Monday, March 28, 2011


The other day I was so worried about the low number of people volunteering to help around the Asahi area here in Chiba. On TV they said that they had been able to recruit only 100 people and that wasn't enough. Today I heard that Iikura-sensei and some other faculty members and students had been to the area to help and that there seems to be more people involved now. That was a relief as I've noticed that people are focusing more on the north part of Japan whereas volunteers are also needed here in Chiba where lots of people lost their homes or need help cleaning up their houses.

I could not hold my tears when I saw this report on the volunteers assembling wooden coffins in the north area of Japan. They were making 500 or so per day, but they couldn't catch up. The saddest part was to see how they had to start burying people in long lines. As you know, the law in Japan states that everyone needs to be cremated. However, there are limits to the number they can handle in a crematory so a decision was made to start burying people in lines--just one next to the other. All very sad.

Receiving diplomas quietly

On Saturday not all but most of my advisees came to JIU to receive their diplomas. Unfortunately the graduation ceremony was canceled this year and the girls didn't have the opportunity to wear the traditional "hakama" they had already rented for the ceremony. I certainly hope that this will be the only group in the history of our university not to have a commencement and celebrations. I also hope this group of students will lead their life with dignity and will play key roles in the revival of this nation. I am proud of having been part of their life the past four years and wish they'll always come back--we are family now.

Wednesday, March 23, 2011

Many missing

It is a relief to hear that food and gasoline have reached most of the shelters in the Tohoku area, but it's still painful to see the teenagers who haven't found their parents yet working as volunteers and trying to help the elderly cheer up. In one of the shelters people could eat only one rice ball per day and the elderly would say they wanted to give their food to the high school kids as they needed more energy to run around. Some of our students at JIU are still looking for their parents and we continue to pray.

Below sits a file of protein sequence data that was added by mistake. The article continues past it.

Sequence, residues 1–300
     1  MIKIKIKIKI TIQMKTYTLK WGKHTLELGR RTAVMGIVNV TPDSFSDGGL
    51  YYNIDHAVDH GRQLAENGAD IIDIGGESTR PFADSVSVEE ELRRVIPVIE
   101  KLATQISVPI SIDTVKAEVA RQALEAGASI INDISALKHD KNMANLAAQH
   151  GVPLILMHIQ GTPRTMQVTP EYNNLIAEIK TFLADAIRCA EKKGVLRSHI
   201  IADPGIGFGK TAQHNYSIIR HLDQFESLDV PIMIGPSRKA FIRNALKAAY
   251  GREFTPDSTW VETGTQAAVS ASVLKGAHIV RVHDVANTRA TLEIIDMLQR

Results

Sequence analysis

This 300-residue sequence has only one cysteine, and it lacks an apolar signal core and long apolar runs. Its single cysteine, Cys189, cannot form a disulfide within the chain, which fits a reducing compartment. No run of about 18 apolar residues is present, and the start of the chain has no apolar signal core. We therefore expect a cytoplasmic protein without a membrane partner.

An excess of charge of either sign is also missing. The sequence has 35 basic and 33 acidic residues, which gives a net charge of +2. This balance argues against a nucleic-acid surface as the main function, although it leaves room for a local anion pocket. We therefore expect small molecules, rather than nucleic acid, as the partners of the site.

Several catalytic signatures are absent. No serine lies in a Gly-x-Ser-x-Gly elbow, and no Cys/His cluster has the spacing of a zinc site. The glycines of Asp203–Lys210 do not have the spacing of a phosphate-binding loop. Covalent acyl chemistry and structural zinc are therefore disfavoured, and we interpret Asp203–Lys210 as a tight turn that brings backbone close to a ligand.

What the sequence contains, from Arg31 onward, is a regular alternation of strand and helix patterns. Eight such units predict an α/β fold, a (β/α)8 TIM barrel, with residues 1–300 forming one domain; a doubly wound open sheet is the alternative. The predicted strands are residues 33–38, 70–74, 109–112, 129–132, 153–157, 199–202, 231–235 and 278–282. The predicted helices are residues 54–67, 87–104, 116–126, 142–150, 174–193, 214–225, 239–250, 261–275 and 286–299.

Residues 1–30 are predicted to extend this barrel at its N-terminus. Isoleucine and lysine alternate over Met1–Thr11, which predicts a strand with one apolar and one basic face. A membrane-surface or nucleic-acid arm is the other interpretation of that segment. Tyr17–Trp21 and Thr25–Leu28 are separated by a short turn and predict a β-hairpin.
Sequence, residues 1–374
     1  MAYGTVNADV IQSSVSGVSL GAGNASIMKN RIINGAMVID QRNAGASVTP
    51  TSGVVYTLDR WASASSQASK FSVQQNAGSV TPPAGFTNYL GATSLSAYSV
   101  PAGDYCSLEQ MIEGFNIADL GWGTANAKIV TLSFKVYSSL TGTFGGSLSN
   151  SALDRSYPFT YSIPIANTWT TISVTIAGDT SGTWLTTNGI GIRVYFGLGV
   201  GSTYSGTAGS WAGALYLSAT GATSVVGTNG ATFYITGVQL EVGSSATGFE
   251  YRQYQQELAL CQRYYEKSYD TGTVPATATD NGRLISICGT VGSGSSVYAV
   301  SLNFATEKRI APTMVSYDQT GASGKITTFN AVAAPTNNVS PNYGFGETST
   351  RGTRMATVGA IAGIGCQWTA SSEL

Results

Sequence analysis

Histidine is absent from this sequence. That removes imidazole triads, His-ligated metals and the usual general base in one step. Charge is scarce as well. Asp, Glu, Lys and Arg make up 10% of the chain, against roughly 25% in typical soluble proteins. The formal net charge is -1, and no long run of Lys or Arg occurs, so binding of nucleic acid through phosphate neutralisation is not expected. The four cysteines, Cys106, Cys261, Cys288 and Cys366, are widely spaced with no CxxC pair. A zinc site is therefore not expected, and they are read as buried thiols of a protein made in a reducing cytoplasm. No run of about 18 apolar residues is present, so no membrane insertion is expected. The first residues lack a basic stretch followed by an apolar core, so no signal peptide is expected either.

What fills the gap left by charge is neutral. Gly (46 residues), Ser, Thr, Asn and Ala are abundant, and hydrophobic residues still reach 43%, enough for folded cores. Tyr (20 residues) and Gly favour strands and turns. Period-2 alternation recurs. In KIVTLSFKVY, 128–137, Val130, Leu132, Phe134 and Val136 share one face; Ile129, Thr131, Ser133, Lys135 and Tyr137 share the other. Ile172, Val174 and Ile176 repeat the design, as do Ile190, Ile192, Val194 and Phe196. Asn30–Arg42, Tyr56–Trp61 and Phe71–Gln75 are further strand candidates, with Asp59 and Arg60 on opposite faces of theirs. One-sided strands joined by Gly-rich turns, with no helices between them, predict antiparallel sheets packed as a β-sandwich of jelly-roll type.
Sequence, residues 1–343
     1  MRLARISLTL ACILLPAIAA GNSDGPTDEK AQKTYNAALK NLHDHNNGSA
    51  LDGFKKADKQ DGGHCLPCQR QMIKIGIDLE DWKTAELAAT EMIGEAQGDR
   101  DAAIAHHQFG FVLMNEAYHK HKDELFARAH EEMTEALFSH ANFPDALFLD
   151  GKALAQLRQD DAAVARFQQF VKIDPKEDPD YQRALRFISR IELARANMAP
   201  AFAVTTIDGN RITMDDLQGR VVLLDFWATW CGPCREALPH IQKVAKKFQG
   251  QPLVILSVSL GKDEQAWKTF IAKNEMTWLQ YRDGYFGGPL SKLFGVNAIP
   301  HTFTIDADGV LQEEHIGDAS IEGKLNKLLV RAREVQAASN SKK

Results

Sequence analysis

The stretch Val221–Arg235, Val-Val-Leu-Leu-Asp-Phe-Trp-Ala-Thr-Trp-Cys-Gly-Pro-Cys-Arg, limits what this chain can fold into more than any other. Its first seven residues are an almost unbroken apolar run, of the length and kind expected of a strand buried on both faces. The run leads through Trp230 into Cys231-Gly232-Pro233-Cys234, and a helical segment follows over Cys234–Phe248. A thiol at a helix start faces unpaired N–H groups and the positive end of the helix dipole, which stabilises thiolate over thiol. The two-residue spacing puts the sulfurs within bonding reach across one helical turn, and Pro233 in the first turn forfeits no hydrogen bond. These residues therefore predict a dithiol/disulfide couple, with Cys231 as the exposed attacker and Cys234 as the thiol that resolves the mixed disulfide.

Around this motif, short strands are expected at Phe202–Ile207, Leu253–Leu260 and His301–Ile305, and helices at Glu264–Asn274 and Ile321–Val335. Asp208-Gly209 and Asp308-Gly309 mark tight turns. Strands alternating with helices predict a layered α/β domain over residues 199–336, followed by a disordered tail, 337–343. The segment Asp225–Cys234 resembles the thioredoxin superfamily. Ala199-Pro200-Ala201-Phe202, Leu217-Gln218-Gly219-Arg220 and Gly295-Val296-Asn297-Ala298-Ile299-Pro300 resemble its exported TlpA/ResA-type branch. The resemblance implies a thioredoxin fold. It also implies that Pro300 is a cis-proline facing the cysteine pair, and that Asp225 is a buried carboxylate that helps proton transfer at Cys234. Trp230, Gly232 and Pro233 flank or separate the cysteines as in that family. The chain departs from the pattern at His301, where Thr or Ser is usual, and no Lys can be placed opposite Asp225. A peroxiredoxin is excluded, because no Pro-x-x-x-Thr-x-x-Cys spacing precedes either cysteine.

Sunday, March 20, 2011


It's been nine days and we have students who haven't been able to find their parents and close relatives yet. I've been praying, praying. The front page of the paper indicates the death toll every morning: 60, 621, 1587, 3105, 4837, 5145, 5694, 6911, and 7348 today. Approximately 180,000 are reported missing. We want to remain positive--we have to.

Cleaning up my office

Yesterday I went to JIU for the first time since Saturday and I spent a few hours throwing away all the broken glass there was. Vases, plates and many photo frames were broken. The plants were all on the floor and on my couch. I wasn't able to finish cleaning up and I kept thinking about the people who didn't have a place to clean up and reorganize. I'll go back on Tuesday.

Wednesday, March 16, 2011

Earthquake in Shizuoka

I was mistakenly not worried about one of my advisees when I thought that she was safe back in her hometown in Shizuoka Prefecture. I jumped off my couch when I felt the earthquake around 10:30 PM last night and when I heard that it was a 6+ in Shizuoka. Fortunately all seems to be OK as the buildings in Japan are really earthquake proof.

The government has announced power cuts in Chiba today as well, so I guess we'll continue having transportation difficulties and we'll remain short in gasoline and food. This will be my 4th day inside the house.